Your PDC just Blue-Screened at 03:46AM. Have a nice day. :)
Languages of SNMP
•Structure of Management Information (SMI)
specifies the format used for defining managed objects that are
accessed via the SNMP protocol

•Abstract Syntax Notation One (ASN.1)

used to define the format of SNMP messages and managed
objects (MIB modules) using an unambiguous data description

•Basic Encoding Rules (BER)

used to encode the SNMP messages into a format suitable for
transmission across a network
Structure of Management Information
SMIv1 is described in RFCs 1155, 1212, 1215
These RFCs describe:
•How MIB modules are defined with CCITT X.208 ASN.1 data description
•The subset of the ASN.1 language that is used in MIBs
•The addition of the APPLICATION data type to ASN.1, specifically for use
with SNMP MIBs
•All ASN.1 constructs are serialized using the CCITT X.209 BER for
transmission across the wire
•definition of the high-level structure of the Internet branch
(iso(1).org(3).dod(6).internet(1)) of the MIB naming tree
•the definition and description of an SNMP managed object
Structure of Management Information
SMIv2 is described in RFCs 1442, 1443, 1444

These RFCs describe:

•SMIv2 is a backward compatible update to SMIv1

•The only exception is the Counter64 type defined by SMIv2
•Counter64 cannot be created in SMIv2
•RFC 2089 defines how bilingual (SMIv1 & SMIv2) agents handle the
Counter64 data type
•IETF requires that new and revised RFCs specify MIB modules using SMIv2
Abstract Syntax Notation One

ASN.1 is nothing more than a language definition. It is

similar to C/C++ and other programming languages.

Syntax examples:
-- two dashes is a comment -- The C equivalent is written in the comment
MostSevereAlarm ::= INTEGER -- typedef MostSevereAlarm int;
circuitAlarms MostSevereAlarm ::= 3 -- MostSevereAlarm circuitAlarms = 3;
MostSevereAlarm ::= INTEGER (1..5) -- specify a valid range
ErrorCounts ::= SEQUENCE {
erroredSeconds INTEGER,
unavailableSeconds INTEGER
} -- data structures are defined using the SEQUENCE keyword
Basic Encoding Rules

The relationship between ASN.1 and BER parallels that of

source code and machine code.
CCITT X.209 specifies the Basic Encoding Rules
All SNMP messages are converted / serialized from ASN.1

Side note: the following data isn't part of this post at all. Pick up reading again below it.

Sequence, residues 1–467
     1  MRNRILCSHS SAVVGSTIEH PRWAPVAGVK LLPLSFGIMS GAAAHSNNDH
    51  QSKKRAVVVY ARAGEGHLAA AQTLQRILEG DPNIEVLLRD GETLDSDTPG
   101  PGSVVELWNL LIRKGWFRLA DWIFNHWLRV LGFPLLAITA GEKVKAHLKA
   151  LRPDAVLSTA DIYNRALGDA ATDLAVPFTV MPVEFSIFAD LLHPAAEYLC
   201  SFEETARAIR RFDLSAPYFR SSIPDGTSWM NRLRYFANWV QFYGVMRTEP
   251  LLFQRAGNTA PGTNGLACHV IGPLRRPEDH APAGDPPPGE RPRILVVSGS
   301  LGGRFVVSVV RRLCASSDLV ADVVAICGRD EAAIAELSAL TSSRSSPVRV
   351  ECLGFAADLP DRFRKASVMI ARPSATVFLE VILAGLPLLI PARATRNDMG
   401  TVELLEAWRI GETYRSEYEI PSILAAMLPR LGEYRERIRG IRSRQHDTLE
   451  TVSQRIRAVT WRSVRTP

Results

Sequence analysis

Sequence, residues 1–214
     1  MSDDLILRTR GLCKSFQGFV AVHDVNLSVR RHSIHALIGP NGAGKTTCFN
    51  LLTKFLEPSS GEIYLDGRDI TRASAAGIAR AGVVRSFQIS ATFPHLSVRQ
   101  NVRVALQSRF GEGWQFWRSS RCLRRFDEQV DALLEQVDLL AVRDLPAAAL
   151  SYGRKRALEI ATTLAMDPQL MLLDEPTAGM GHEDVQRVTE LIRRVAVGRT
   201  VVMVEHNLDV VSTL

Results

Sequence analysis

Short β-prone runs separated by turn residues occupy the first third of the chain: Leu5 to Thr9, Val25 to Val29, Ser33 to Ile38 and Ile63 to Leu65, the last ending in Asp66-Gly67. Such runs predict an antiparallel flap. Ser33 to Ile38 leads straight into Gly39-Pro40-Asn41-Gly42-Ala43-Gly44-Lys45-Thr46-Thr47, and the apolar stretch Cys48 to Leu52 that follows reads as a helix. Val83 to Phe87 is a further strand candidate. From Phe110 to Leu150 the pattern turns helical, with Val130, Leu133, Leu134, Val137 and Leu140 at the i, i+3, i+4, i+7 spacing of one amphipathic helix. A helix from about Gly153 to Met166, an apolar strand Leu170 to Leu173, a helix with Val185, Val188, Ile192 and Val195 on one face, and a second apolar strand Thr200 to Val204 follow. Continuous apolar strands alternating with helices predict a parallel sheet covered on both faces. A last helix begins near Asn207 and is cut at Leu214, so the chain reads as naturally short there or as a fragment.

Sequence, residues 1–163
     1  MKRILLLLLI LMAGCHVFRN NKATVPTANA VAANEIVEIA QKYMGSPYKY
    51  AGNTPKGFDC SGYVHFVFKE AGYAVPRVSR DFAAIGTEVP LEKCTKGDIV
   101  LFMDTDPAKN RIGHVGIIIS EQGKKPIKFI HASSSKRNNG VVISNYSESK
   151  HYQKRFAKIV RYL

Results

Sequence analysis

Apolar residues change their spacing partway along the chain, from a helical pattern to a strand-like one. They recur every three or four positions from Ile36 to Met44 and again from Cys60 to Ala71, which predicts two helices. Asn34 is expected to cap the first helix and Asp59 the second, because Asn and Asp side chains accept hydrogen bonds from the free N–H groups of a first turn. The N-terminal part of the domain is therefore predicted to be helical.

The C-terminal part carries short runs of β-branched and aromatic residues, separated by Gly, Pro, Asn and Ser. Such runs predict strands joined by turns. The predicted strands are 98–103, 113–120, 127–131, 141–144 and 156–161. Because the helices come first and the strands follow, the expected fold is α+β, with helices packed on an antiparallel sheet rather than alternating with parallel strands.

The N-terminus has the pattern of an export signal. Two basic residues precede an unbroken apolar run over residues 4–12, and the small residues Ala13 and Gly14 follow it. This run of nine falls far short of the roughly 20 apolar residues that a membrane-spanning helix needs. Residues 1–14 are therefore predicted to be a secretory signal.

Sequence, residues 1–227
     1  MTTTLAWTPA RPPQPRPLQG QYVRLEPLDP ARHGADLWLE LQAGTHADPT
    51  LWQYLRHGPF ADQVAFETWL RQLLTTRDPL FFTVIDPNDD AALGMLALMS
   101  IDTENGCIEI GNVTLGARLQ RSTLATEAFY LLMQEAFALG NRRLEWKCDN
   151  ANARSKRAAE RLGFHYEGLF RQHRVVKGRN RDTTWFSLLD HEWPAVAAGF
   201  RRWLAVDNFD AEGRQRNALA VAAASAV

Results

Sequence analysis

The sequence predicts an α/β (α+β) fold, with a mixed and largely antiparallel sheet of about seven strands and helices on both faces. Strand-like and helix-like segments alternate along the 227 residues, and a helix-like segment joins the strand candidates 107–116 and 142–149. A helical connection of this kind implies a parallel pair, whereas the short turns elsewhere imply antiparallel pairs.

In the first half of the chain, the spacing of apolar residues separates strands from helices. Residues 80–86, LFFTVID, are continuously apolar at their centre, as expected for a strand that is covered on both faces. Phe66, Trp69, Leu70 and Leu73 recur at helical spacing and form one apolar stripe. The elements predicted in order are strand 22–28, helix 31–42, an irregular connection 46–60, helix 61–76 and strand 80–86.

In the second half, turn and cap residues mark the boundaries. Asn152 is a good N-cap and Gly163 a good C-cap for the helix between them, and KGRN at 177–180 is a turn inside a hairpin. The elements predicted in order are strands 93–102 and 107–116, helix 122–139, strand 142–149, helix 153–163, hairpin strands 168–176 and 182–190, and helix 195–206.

notation into smaller, binary data (BER)
SNMP Data Types
Yellow items defined
•INTEGER -- signed 32-bit integer by ASN.1
•OCTET STRING Orange items defined
by RFC 1155
•NULL -- not actually data type, but data value
•IpAddress -- OCTET STRING of size 4, in network byte order (B.E.)
•Counter -- unsigned 32-bit integer (rolls over)
•Gauge -- unsigned 32-bit integer (will top out and stay there)
•TimeTicks -- unsigned 32-bit integer (rolls over after 497 days)
•Opaque -- used to create new data types not in SNMPv1
•DateAndTime, DisplayString, MacAddress, PhysAddress, TimeInterval,
TimeStamp, TruthValue, VariablePointer -- textual conventions used as types
Managed “Objects” & MIBs
Always defined and referenced within the context of a MIB
A typical MIB variable definition:
sysContact OBJECT-TYPE -- OBJECT-TYPE is a macro
SYNTAX DisplayString (SIZE (0..255))
ACCESS read-write -- or read-write, write-only, not-accessible
STATUS mandatory -- or optional, deprecated, obsolete
“Chris Francois
::= { system 4 }
Basic Message Format

Message Length
Message Version Message Preamble
Community String

PDU Header

SNMP Protocol
Data Unit
PDU Body
SNMP Message Formats Message Length
SNMP Message Version
Message Length
Message Community String
Message Version Preamble
PDU Type
Community String
PDU Length
PDU Type
Enterprises MIB OID
PDU Length
Agent IP Address
Request ID PDU
Standard Trap Type
Error Status Header
Specific Trap Type
Error Index Time Stamp
Length of Variable Bindings Length of Variable Bindings